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Inexpensive natural gas spells trouble for future of alternative energy subsidies

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Low prices for natural gas and uncertainty about continuation of federal subsidies is spelling trouble for the future of alternative energy. Recyclers could be affected because of, among other things, the industry’s ties to alternative energy through natural gas-fueled vehicle fleets and projects to burn landfill bio-gas to generate electricity.

The alternative energy industry, which generates power from solar, wind, biofuel, geothermal and other energy sources, has been in a challenging period of late. Perhaps the clearest evidence is the recent history of prices investors pay to own shares of companies in the business. The Ardour Global Alternative Energy Index, which tracks the performance of investments in public companies in the alternative energy industry, is valued today about where it was three years ago, while values in the overall stock market have more than doubled during that period.

One of the biggest reasons for alternative energy’s stagnation is a historic drop in natural gas prices. The discovery of huge fields of natural gas in the U.S., along with the development of new techniques to extract the gas, has caused the price of natural gas to hit all-time lows, especially in comparison to other fuels.


Alternative energy subsidies, meanwhile, have also been declining. Thanks to the expiration of limited-time federal grants, tax credits and loan guarantees, subsidies will amount to just $16.1 billion this year, roughly half of last year’s $30.7 billion and only about a third of their 2009 peak of $44.3 billion, according to analysis by the Brookings Institution and World Resources Institute, in Washington, D.C., and the Breakthrough Institute in Oakland, California. By 2014, federal support is expected to decline to $11 billion, according to this analysis.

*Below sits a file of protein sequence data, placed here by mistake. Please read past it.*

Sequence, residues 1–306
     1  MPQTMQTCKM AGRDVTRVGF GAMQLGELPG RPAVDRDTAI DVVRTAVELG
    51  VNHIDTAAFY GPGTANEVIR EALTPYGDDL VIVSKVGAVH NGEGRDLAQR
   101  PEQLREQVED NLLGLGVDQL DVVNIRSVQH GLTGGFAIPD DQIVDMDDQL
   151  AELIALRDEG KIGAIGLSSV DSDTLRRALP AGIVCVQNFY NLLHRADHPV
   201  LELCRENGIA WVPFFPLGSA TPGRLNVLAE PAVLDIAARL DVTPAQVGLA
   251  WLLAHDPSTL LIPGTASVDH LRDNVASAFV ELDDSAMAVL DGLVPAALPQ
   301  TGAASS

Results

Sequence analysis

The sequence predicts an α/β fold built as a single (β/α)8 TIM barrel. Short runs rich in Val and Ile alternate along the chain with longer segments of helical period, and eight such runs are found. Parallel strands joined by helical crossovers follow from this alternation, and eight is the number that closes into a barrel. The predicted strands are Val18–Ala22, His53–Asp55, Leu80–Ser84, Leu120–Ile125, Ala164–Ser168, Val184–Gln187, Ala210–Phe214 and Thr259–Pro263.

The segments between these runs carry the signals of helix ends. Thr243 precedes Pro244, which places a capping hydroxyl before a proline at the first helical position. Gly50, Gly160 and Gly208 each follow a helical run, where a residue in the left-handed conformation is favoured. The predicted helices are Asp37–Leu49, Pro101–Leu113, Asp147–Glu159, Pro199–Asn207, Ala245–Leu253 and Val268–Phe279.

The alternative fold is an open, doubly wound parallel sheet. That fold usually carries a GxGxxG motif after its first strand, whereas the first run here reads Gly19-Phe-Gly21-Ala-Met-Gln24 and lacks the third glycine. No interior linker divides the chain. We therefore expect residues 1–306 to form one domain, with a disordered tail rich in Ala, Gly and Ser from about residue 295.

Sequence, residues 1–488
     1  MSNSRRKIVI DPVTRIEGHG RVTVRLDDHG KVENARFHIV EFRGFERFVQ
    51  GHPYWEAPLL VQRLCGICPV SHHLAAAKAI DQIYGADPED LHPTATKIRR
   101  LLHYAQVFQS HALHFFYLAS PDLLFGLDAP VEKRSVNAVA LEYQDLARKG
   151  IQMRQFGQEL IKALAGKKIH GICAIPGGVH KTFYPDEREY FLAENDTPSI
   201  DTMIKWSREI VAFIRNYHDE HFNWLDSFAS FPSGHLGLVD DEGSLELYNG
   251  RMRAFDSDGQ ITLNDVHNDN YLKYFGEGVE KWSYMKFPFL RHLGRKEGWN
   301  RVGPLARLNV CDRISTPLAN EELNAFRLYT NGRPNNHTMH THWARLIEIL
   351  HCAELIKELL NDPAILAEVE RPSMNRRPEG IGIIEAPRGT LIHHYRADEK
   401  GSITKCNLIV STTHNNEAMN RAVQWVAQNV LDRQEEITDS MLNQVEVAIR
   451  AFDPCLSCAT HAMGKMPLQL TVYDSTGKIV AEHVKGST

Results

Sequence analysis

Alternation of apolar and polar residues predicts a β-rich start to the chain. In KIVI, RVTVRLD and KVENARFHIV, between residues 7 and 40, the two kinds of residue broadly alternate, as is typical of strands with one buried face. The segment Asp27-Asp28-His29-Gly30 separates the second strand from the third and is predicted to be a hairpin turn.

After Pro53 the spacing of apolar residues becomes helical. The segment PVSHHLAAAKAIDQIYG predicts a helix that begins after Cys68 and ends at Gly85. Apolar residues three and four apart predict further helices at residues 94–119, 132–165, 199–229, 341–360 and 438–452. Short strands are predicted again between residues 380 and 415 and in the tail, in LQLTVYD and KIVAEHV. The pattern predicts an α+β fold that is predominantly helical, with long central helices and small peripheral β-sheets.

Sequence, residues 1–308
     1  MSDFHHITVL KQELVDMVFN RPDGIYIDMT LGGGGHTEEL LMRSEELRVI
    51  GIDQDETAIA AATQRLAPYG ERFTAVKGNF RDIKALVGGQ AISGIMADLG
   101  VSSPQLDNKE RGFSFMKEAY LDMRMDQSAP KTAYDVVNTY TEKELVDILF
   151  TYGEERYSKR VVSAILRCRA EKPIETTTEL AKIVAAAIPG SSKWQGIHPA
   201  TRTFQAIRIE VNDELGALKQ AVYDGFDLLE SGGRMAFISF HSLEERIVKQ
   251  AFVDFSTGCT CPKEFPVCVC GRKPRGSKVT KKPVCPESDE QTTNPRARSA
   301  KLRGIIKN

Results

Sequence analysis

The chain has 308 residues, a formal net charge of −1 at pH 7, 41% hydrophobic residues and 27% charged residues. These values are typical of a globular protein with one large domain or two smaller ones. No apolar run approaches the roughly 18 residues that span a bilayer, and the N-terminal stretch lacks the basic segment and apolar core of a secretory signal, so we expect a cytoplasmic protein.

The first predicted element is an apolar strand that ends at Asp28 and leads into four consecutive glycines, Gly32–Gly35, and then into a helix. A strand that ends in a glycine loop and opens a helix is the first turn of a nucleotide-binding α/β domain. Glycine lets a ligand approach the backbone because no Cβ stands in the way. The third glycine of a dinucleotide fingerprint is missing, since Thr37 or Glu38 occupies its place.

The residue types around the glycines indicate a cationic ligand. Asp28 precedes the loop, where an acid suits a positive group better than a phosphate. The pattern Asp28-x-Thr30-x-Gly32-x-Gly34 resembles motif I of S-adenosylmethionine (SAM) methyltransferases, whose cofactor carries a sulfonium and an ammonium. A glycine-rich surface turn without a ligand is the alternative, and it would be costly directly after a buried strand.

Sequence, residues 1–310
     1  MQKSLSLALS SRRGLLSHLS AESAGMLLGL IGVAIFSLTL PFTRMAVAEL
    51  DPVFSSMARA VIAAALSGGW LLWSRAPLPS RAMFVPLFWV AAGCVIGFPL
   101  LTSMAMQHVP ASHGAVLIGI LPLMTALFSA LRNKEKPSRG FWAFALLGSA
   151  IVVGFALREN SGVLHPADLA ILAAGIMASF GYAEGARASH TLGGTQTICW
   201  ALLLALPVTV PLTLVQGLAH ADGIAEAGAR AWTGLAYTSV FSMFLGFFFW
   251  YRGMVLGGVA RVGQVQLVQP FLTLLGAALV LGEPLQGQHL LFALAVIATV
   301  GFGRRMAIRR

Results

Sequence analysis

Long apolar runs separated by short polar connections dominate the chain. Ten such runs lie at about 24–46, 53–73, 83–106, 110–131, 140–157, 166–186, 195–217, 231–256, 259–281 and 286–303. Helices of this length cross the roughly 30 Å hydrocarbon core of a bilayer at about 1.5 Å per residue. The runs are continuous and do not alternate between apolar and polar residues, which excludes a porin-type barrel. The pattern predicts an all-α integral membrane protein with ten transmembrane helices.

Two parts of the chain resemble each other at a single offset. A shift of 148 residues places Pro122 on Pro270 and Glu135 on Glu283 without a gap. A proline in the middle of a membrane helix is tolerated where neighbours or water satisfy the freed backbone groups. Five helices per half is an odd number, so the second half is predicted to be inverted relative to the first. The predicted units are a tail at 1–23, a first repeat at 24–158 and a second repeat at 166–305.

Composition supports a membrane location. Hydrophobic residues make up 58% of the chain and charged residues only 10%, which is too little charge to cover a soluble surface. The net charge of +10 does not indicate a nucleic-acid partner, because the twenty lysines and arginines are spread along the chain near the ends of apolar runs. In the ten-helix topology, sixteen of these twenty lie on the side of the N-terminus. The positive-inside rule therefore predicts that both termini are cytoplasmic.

Historically, the impact of expiring tax credits has been coupled with sharp drops in the installation of wind powered generation facilities, according to the American Wind Energy Association, a Washington, D.C., trade group. From 1999 to 2000, the number of megawatts of wind power generation installed dropped 93 percent as then-effective federal subsidies expired. From 2003 to 2004, the end of a subsidy program produced a 77 percent falloff.

Several forces are combining to depress federal subsidies, including declining dependence on foreign oil, general budget pressures and election-year politics. The political fallout is particularly pointed because of the scandal surrounding Solyndra, a solar power company that received a half-billion dollars in federal loans before suddenly seeking bankruptcy and ceasing operations in 2011.

Alternative energy has trouble remaining financially viable without such guarantees because of the large cost differential between it and other sources of power. Compared to coal, solar is about three times as expensive on a cost per unit of energy basis. It’s about twice as expensive as natural gas. Wind is approximately a third more costly than coal, and also significantly more expensive than natural gas.